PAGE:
“Dual Keys” and “Granny Flats” – Councils are changing the Rules!

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Granny Flats – The Times are A Changing – – – – -Again

Granny Flats & Dual Keys
This Dual Key home is designed to look like a standard house

It was only a few years back [ since 2013] when most of the Councils in South East Queensland [SEQ] started to reform many of the rules around what are popularly known as “Granny Flats,” now often referred to as “Dual Key” homes, secondary dwellings or auxiliary units. For the most part, prior to then, Granny Flats that were allowed, but were restricted in size and and usage and the manor in which they could be incorporated into the main home, often resulting in small pokey living quarters that no self respecting Granny would want to live in these days.

Granny flats were frequently restricted as to who could legally live there which was usually Granny [or Grand Dad] or, more recently, a blood relative of the occupant of the main dwelling. Renting out to unrelated third party tenants was not allowed. Whilst that latter condition changed for most of the Councils in SEQ, it did not in Brisbane City Council area. Granny Flats in Brisbane are still required to occupied by a blood relative of the occupant of the main dwelling.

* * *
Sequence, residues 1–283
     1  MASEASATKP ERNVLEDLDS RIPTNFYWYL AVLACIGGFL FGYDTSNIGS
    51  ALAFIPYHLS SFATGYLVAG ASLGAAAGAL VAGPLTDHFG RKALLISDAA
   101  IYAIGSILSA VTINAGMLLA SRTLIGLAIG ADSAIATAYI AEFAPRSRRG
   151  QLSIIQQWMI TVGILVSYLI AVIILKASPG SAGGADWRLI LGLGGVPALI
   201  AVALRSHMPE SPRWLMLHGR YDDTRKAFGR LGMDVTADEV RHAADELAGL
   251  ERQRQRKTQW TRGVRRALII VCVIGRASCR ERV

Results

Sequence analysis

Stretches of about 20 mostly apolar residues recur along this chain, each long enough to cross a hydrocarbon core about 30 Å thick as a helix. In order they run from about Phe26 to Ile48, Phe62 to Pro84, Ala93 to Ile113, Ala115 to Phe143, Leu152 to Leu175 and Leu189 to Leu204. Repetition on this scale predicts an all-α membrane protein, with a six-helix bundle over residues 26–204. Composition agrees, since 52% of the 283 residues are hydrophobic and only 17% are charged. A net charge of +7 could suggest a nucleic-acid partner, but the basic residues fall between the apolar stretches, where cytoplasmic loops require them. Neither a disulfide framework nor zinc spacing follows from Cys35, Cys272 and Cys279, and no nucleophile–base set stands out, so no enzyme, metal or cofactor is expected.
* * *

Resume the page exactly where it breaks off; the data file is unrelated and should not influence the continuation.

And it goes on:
The big changes that occurred related to the maximum size that could be built – mostly a substantial increase – and how it related to the main dwelling  – could now be separate or attached – along with the ability the rent out to unrelated parties. These changes triggered an absolute boom in the construction of Dual Key homes in places like Logan, Ipswich and Moreton Bay  suburbs as well as Toowoomba.

In March 2014 we published another article, which proved very popular, in which we compared the rules, Council by Council, for Granny Flat development in SEQ. Whilst this a good reference point and was updated with some of the changes brought in since publication, more recent changes may be missing so best to check in with us or the local Council if you are considering this type of project.

A Modular Granny Flat
This is a modular design Granny Flat